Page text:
Mali conflict exposes U.S. rift
Pentagon, White House disagree on threat
WASHINGTON – The widening war in Mali has opened divisions between the White House and the Pentagon over the danger posed by a mix of Islamist militant groups, some with murky ties to al-Qaida, that are creating havoc in West Africa.
Although no one is suggesting that the groups pose an imminent threat to the United States, the French military intervention in Mali and a terrorist attack against an international gas complex in neighboring Algeria have prompted sharp Obama administration debate over whether the militants present enough of a risk to U.S. allies or interests to warrant a military response.
Some top Pentagon officials and military officers warn that without more aggressive U.S. action, Mali could become a haven for extremists, akin to Afghanistan before the terrorist attacks of Sept. 11, 2001.
Militants in Mali, “if left unaddressed will obtain capability to match their intent – that being to extend their reach and control and to attack American interests,” Army Gen. Carter Ham, head of the U.S. Africa Command, said in an interview.
But many of Obama’s top aides say it is unclear whether the Mali insurgents, who include members of the group al-Qaida in the Islamic Maghreb, or AQIM, threaten the U.S.
Those aides also worry about being drawn into a messy and possibly long-running conflict against an elusive enemy in Mali, a vast, landlocked country abutting the Sahara desert, just as U.S. forces are withdrawing from Afghanistan.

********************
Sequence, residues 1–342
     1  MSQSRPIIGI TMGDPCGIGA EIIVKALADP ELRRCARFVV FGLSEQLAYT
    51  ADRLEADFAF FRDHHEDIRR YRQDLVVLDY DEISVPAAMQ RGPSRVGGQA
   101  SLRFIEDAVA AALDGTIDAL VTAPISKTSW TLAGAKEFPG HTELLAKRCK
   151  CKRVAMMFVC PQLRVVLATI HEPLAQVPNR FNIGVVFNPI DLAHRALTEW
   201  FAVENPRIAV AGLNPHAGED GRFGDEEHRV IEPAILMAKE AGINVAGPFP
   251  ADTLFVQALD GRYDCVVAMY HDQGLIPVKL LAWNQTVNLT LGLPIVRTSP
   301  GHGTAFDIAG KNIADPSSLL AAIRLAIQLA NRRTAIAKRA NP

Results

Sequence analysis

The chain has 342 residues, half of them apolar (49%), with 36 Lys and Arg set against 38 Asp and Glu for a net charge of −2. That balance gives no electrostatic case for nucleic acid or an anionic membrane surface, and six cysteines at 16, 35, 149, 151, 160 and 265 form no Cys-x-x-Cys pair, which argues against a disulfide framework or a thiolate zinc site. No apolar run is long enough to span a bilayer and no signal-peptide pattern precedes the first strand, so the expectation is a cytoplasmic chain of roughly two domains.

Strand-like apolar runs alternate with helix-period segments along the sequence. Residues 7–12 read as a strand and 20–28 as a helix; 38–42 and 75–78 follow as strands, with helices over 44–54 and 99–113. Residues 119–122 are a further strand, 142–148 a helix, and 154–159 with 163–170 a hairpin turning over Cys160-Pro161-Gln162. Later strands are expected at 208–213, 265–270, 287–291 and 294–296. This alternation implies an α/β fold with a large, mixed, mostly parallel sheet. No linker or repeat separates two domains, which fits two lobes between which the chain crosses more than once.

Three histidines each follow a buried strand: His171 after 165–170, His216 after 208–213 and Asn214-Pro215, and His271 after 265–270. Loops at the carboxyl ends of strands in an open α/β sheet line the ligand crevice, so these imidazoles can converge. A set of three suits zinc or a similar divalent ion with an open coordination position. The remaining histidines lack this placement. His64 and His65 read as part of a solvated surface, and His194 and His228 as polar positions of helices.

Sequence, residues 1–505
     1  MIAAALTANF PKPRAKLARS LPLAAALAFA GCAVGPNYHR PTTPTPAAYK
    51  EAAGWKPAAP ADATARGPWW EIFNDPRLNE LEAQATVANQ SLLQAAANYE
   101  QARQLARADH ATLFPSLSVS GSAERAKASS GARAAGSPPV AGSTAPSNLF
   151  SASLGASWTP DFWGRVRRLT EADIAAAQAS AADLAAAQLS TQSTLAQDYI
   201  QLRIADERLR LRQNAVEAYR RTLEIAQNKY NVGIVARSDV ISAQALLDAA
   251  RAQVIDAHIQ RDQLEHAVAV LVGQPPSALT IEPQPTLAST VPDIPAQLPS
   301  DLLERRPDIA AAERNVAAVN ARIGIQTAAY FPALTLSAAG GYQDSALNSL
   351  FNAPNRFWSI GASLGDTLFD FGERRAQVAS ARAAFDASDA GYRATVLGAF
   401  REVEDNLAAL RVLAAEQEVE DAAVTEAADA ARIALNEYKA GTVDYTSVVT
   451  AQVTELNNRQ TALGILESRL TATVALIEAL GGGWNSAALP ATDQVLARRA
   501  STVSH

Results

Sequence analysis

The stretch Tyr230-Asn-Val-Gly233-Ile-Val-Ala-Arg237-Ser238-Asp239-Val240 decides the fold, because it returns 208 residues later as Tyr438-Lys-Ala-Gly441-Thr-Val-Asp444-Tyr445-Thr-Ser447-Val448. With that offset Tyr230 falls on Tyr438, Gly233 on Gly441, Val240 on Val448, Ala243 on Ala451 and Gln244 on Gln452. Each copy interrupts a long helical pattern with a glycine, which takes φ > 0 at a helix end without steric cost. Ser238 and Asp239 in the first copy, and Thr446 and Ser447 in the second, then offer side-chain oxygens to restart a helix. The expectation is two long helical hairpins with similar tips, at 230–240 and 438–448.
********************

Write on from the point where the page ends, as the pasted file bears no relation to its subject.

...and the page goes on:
The internal debate is one reason for a delay in U.S. support for the French, who airlifted hundreds of troops into Mali last weekend and launched airstrikes in an effort to halt the militants from pushing out of their northern stronghold toward Bamako, the Malian capital.
The Pentagon is planning to begin ferrying additional French troops and equipment to Mali in coming days aboard U.S. Air Force C-17 cargo jets, according to Air Force Maj. Robert Firman, a Pentagon spokesman.
Military planners are still studying the airport runways in Bamako to determine whether they can handle the huge C-17s. If not, they will land outside Mali, and the French troops – an armed infantry battalion of 500 to 600 soldiers – will be flown into Mali on smaller aircraft.
The U.S. is also providing France with surveillance and other intelligence on the militants.
U.S. officials have ruled out putting troops on the ground, except in small numbers and only to support the French.
After 2001, Washington tried to tamp down Islamic extremism in Mali under a counter-terrorism initiative that combined anti-poverty programs with training for the military. The U.S. aid was halted, however, when military officers overthrew the government last March in a violent coup.
Ham has warned for months that AQIM was growing stronger and intended to carry out attacks in the region and internationally.